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The criteria that define acute lung injury and the acute respiratory distress syndrome (ALI/ARDS) include PaO2/FiO2 but not positive end-expiratory pressure (PEEP) or FiO2. PaO2/FiO2s of some patients increase substantially after mechanical ventilation with PEEP of 5-10 cm H2O, and the mortality of these patients may be lower than those whose PaO2/FiO2s remain < 200. Also, PaO2/FiO2 may increase when FiO2 is raised from moderate to high levels, suggesting that patients with similar PaO2/FiO2s but different FiO2s have different risks of mortality. The primary purpose of this study was to assess the value of adding baseline PEEP and FiO2 to PaO2/FiO2 for predicting mortality of ALI/ARDS patients enrolled in ARDS Network clinical trials. We also assessed effects of two study interventions on clinical outcomes in subsets of patients with mild and severe hypoxemia as defined by PaO2/FiO2.
Analysis of baseline physiologic data and outcomes of patients previously enrolled in clinical trials conducted by the National Institutes of Health ARDS Network.
Intensive care units of 40 hospitals in North America.
2312 patients with ALI/ARDS.
Only 1.3% of patients enrolled in ARDS Network trials had baseline PEEP < 5 cm H2O, and 50% had baseline PEEP ≥ 10 cm H2O. Baseline PaO2/FiO2 predicted mortality, but after controlling for PaO2/FiO2, baseline PEEP did not predict mortality. In contrast, after controlling for baseline PaO2/FiO2, baseline FiO2 did predict mortality. Effects of two study interventions (lower tidal volumes and fluid-conservative hemodynamic management) were similar in mild and severe hypoxemia subsets as defined by PaO2/FiO2 ratios.
At ARDS Network hospitals, the addition of baseline PEEP would not have increased the value of PaO2/FiO2 for predicting mortality of ALI/ARDS patients. In contrast, the addition of baseline FiO2 to PaO2/FiO2 could be used to identify subsets of patients with low or high mortality.
The American-European consensus conference (AECC) criteria for acute lung injury (ALI) and acute respiratory distress syndrome (ARDS) include the acute onset of: (1) bilateral infiltrates on frontal chest radiograph, (2) PaO2/FiO2 less than or equal to 300 Torr (ALI) or 200 Torr (ARDS), and (3) absence of clinical indicators of left atrial hypertension (1). Many clinical studies of ALI/ARDS have used the AECC criteria to identify potentially eligible patients (2-8).
In some patients with bilateral infiltrates, PaO2/FiO2s were lower than 200 while they received mechanical ventilation with zero or low levels of PEEP, but PaO2/FiO2s then increased to greater than 200 or even 300 when low to moderate levels of PEEP were subsequently applied (9-12). In these patients, atelectasis could have been an important cause of hypoxemia rather than shunt from consolidation and pulmonary edema. In one study the mortality of these patients was considerably lower than those whose PaO2/FiO2s remained below 200 after raising PEEP (10). Moreover, in many patients with bilateral infiltrates, PaO2/FiO2s increased substantially when FiO2s were raised from moderate to high levels (11,13). This suggests that among patients with similar PaO2/FiO2s, oxygenation failure is worse and risk of death is higher in those receiving higher FiO2s. Thus, without standardized or minimum PEEP and FiO2 criteria, the AECC criteria could identify a heterogeneous group of patients, some of whom are at low risk of adverse outcomes such as death. If so, then use of the AECC criteria to identify patients for ALI/ARDS trials, without PEEP and FiO2 criteria, could reduce the power of clinical trials because potential effects of new interventions may be smaller in patients with mild disease. Some investigators have speculated that the results of trials that enrolled ALI/ARDS patients using the AECC criteria without a minimum PEEP level were confounded by imbalances between study groups in patients with mild and severe lung injury that could not be detected without increasing PEEP (10). The National Institutes of Health ARDS Network used the AECC criteria as the inclusion criteria for most of its clinical trials since 1996 (2-5,14,15). Exclusion criteria reduced heterogeneity of the enrolled populations, but patients were not excluded if they were on zero or low PEEPs or low FiO2s. The primary purpose of the present study was to explore the potential value of adding PEEP and FiO2 criteria to the AECC criteria to exclude patients with low risk of mortality. A secondary purpose was to address the concern that in patients with mild disease, potential effects of an intervention may be small or nonexistent. To address this concern we examined effects of two study interventions on subsets of ALI/ARDS patients with mild and severe hypoxemia. Parts of this study were presented previously in abstracts (16,17).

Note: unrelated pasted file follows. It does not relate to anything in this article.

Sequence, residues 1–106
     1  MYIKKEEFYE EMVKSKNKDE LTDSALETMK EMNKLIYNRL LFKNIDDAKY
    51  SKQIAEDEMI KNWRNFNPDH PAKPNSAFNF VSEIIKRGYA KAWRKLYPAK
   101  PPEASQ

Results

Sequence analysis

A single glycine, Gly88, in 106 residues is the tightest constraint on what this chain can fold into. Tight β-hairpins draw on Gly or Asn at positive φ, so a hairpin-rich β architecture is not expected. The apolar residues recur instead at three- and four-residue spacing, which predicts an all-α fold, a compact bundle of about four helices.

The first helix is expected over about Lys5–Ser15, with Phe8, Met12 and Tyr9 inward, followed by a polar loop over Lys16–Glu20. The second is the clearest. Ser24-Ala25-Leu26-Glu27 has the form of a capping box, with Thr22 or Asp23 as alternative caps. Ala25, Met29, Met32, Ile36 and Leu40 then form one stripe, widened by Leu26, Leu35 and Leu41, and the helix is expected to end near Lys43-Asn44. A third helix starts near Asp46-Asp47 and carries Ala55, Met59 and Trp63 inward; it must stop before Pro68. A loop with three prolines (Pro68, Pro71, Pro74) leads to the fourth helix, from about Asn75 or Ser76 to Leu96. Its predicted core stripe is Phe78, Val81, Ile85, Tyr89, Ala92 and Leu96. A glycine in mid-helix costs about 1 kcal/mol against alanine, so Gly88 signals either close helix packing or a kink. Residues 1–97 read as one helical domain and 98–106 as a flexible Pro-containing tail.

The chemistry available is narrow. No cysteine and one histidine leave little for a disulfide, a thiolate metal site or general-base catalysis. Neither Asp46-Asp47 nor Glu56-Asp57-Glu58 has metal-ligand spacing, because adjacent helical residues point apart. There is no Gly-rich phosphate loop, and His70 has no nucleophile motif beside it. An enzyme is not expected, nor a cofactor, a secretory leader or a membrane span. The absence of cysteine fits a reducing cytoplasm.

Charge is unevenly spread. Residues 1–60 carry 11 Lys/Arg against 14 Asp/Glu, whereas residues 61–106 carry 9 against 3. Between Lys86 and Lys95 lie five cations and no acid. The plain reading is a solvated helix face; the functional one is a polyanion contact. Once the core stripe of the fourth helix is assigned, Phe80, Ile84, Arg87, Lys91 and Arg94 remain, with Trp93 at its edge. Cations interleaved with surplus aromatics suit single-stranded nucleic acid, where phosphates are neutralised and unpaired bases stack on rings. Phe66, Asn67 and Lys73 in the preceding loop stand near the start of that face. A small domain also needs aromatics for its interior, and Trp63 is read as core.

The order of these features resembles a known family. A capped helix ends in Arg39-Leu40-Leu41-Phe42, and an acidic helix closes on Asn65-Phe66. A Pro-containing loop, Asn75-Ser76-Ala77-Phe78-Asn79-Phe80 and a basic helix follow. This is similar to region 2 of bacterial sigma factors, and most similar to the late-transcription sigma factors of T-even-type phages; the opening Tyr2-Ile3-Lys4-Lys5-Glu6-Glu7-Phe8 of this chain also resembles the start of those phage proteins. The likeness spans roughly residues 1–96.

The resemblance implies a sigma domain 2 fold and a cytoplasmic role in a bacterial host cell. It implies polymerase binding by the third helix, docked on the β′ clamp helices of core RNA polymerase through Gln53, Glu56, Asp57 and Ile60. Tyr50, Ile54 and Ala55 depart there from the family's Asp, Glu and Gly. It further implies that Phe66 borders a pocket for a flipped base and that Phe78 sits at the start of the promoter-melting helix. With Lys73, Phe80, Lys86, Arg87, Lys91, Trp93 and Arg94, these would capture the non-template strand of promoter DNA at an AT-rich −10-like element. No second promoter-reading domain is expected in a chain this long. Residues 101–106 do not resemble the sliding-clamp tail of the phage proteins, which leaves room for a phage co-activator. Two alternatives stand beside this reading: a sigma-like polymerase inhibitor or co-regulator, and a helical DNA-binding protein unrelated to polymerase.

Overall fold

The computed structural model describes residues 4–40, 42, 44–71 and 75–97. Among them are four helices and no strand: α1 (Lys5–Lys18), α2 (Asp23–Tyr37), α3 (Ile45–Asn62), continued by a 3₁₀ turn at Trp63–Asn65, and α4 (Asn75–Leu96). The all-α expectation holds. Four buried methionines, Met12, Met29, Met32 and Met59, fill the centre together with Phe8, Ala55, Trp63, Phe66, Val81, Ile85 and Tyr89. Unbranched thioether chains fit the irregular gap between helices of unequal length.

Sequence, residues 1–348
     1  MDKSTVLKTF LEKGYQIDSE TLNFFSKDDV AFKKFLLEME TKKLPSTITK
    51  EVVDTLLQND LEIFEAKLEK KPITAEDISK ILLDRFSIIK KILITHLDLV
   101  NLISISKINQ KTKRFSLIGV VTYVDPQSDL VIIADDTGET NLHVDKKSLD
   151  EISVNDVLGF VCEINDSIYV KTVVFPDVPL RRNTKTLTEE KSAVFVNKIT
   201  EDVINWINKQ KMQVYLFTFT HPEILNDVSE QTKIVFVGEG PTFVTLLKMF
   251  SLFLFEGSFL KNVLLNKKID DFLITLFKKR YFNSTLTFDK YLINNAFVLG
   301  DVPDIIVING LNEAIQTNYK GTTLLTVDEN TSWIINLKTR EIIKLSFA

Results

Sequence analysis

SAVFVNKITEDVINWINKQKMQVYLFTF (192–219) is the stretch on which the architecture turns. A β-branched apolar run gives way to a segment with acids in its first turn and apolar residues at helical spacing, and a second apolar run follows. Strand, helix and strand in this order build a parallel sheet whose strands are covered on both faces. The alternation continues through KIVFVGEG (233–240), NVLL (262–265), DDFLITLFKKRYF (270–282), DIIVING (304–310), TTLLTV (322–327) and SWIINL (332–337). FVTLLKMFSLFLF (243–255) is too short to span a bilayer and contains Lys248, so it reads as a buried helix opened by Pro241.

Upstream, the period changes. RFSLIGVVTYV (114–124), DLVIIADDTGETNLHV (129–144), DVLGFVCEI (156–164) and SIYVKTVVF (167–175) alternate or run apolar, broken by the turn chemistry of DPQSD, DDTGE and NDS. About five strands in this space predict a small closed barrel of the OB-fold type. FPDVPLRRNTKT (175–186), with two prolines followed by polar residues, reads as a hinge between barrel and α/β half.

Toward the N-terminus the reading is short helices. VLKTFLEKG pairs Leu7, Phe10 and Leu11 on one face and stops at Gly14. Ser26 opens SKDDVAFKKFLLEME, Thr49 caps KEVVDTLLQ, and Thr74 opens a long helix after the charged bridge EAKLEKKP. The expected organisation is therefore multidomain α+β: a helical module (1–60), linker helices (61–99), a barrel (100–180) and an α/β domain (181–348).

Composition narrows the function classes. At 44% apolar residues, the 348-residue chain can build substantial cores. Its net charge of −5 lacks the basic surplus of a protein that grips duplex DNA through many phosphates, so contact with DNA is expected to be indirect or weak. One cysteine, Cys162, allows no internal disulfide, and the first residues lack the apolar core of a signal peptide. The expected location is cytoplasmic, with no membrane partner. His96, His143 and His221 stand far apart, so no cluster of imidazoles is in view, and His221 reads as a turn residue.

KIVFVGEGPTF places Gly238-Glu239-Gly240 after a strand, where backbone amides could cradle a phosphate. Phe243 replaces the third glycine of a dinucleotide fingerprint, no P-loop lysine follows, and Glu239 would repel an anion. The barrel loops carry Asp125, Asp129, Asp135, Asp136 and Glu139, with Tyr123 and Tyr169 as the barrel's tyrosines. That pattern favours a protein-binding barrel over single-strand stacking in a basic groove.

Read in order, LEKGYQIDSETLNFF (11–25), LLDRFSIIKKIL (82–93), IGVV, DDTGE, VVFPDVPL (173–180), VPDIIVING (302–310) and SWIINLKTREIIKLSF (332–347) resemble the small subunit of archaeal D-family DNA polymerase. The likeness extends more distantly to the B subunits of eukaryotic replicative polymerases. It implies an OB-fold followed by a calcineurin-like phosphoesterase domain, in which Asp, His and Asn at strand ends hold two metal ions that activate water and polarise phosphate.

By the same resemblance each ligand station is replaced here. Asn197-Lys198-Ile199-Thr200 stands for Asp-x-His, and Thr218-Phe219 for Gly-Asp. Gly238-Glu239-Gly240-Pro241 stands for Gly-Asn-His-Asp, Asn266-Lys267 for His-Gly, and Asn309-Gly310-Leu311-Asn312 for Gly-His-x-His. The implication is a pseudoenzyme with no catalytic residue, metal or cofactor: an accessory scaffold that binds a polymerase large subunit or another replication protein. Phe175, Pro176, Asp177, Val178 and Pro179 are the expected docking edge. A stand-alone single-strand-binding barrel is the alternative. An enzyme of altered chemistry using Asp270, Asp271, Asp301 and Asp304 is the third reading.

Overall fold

We reviewed existing data from 2,443 patients enrolled in 4 ARDS Network clinical trials from 1996 to 2005 (2-5). Etiologic causes of ALI/ARDS were listed as pneumonia (41%), sepsis (24%), aspiration (15%), trauma (9%), and other causes (11%). Baseline ventilator settings were set by clinicians and were available within 4 hours before the time of randomization. Baseline values usually occurred several or many hours after the criteria for ALI were initially met.